This photo was taken almost 4 years ago, and although its true that memories fade, and although you can't see my face in the picture, I'm pretty sure I was smiling. The dirt alone was enough to make a person cry, for heaven's sake, never mind the blisters, but I was grinning from ear to ear. I took this picture of my feet on the second day of the Boston 3-Day For the Cure, a 60-mile walk aimed at raising money and awareness to combat breast cancer. This was the first weekend in August, 2007 and it was 104 degrees. I don't think anyone's feet were made to sweat that much - so, yup - we got blisters - and heat rash - and sun burn. But no one that I encountered over those three days - and there were about 2,000 of us - no one, was whining. Why? Because the people of "The 3-Day" are a rising tide that inspires and lifts us all. I had never before been around that many strong, selfless, gracious and determined human beings in one place. The spirit of The 3-Day is infectious and I hope this blog will continue its spread. Maybe by talking about what I go through to fundraise and train for a 3-Day event, I can help people stay motivated and committed. I am proud to be associated with this cause. I am grateful I have the strength to walk. And I'm filled with joy that I can do it with such a great group of people. So I'll buck up and keep putting one foot in front of the other. Feel free to join me. But remember; no whining allowed!

Thursday, July 29, 2010

It's the Giggling

Yesterday, I was listening to NPR and they reported on the death of John Callahan, a man as famous for being politically incorrect as for anything else. John was a quadriplegic and his “everything is fair game” attitude got his cartoons published in the LA Times, Chicago Tribune and elsewhere. (My personal favorite showed a “Feminist Book Store” and the sign read, “There is no Humor Section.” I just think that’s funny.) Anyway, Gary Larson (The Far Side) was talking about his friend and fellow cartoonist and he said he really felt the two of them were kindred spirits. Then he said something that really resonated with me. He said, basically, “think about the times in your life when you laughed the hardest – literally with your sides splitting and tears running down your face. Sometimes you can laugh that hard with a group of people, but usually, you’ll find that if you’re laughing that hard, it’s during a moment that you’re sharing with just one other person.”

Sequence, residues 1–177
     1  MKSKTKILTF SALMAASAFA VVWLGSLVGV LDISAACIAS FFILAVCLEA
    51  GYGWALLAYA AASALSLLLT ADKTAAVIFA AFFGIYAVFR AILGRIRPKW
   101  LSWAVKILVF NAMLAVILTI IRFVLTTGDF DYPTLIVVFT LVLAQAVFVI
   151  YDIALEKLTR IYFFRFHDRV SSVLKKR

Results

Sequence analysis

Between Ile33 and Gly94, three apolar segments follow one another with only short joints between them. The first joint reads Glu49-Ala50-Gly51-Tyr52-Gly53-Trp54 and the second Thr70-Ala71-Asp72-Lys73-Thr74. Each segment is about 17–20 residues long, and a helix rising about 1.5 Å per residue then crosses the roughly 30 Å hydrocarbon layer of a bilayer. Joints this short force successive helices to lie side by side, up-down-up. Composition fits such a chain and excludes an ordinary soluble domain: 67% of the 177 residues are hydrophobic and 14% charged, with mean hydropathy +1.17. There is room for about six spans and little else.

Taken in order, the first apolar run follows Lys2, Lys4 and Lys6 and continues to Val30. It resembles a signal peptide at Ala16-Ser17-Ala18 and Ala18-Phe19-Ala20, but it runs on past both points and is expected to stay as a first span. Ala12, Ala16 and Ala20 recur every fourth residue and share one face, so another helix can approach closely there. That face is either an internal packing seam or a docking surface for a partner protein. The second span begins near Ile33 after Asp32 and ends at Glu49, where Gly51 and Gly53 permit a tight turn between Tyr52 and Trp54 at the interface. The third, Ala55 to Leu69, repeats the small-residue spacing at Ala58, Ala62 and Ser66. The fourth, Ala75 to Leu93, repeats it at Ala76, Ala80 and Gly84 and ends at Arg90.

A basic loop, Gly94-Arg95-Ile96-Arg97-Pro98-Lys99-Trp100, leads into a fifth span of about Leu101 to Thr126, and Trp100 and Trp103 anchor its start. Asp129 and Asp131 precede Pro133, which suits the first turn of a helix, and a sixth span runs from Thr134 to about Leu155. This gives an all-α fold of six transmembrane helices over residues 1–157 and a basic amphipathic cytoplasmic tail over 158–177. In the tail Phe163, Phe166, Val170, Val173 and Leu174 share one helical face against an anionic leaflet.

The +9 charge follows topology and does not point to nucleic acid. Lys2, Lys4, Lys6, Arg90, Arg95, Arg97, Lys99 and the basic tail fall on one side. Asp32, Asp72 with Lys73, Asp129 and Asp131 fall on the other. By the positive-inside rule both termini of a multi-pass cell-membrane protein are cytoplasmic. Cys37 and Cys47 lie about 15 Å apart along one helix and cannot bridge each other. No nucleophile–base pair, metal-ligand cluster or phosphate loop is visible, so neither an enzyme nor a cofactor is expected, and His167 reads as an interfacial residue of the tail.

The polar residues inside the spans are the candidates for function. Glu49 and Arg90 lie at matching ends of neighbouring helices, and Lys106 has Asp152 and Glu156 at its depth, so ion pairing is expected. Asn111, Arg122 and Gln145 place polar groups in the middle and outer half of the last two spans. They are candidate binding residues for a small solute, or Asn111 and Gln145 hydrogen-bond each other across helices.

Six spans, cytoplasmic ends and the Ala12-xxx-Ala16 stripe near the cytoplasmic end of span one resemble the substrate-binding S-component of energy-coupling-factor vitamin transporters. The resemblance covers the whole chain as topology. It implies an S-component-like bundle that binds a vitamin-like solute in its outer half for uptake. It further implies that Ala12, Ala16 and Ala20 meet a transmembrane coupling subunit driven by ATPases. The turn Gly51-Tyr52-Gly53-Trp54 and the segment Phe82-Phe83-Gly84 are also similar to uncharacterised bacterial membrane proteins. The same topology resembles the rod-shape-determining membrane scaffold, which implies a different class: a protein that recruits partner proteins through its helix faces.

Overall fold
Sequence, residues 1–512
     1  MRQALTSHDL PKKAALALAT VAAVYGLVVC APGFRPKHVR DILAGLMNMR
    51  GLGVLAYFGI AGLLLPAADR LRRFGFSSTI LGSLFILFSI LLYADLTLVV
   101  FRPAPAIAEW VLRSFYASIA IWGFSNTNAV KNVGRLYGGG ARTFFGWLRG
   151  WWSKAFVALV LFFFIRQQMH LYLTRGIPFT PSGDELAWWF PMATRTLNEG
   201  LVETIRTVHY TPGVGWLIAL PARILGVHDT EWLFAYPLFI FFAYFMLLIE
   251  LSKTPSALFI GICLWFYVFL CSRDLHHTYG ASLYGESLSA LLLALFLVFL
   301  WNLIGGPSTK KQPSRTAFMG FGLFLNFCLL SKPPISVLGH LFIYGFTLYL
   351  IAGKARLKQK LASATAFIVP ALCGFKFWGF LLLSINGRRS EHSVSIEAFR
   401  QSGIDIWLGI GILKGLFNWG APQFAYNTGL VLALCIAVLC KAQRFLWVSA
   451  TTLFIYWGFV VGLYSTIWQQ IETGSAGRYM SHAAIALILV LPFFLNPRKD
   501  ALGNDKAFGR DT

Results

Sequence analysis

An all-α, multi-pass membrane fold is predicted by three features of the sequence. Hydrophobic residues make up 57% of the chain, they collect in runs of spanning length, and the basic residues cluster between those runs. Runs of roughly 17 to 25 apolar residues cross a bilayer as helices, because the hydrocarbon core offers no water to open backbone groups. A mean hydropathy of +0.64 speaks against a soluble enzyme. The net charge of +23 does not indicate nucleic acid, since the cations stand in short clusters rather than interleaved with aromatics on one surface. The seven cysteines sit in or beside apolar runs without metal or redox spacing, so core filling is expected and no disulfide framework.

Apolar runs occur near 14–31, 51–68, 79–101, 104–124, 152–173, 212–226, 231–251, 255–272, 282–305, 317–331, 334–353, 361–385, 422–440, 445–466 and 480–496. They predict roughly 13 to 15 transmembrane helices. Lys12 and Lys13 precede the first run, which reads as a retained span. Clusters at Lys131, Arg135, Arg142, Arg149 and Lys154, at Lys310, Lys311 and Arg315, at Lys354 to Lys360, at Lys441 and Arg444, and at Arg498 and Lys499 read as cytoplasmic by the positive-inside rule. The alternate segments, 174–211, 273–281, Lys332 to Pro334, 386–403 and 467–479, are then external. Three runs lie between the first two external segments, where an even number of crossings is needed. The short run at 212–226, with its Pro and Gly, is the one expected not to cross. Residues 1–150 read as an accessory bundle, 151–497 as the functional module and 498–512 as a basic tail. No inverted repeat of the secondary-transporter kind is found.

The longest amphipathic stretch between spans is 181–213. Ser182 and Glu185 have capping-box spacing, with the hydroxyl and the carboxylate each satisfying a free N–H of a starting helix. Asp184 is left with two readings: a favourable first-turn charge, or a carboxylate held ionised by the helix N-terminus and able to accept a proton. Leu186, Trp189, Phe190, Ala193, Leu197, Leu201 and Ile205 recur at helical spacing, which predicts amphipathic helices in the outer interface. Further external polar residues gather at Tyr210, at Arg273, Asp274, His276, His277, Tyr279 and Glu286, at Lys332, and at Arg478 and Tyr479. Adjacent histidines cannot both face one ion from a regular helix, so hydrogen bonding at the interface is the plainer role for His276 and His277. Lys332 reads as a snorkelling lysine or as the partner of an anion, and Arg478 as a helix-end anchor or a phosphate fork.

I think there’s a lot of truth to that. There are plenty of things in life that the general public won’t laugh with us about – gross, morbid, nonsensical or disturbing things - and you have to have that one other person who just gets it (whatever “it” might be). It’s refreshing to have a person who will laugh with you when everyone else would be crying (or vomiting, as the case may be, or just looking puzzled or worse, just looking away).

I have written here a lot about why I love “The 3 Day.” I love the way it lifts and inspires us and the way it benefits countless people while making us better individuals in the process. I love the way it represents all that is benevolent and productive about a “community,” whether that be a physical place or just a social fabric; we all learn from it and are elevated by it.

But now I think the thing I love most about The 3 Day is just the giggling. We manage to laugh a lot on the walks in spite of however hot we are, or wet, or blistered, or sore, or sunburned, or sweaty, or stinky. . . . . My tent-mate/team-mate/bestest-cousin-buddy and I find a lot of humor along the way. Sometimes we’re just laughing at what a hideous spectacle we’ve become. And there aren’t a lot of people we’d share that with.

This past Saturday evening in Boston, we walkers had been through a lot. We were about 43 miles in – having walked almost 22 that day and the conditions had been a little extreme. The heat was taking a toll on everyone and it had been unbearably humid as well. There had been fog, rain, blistering sun and boiling hot pavement with a lot of concrete sidewalks thrown in which are tough on your knees and shins. After dinner, everyone really just seemed to want to get some sleep.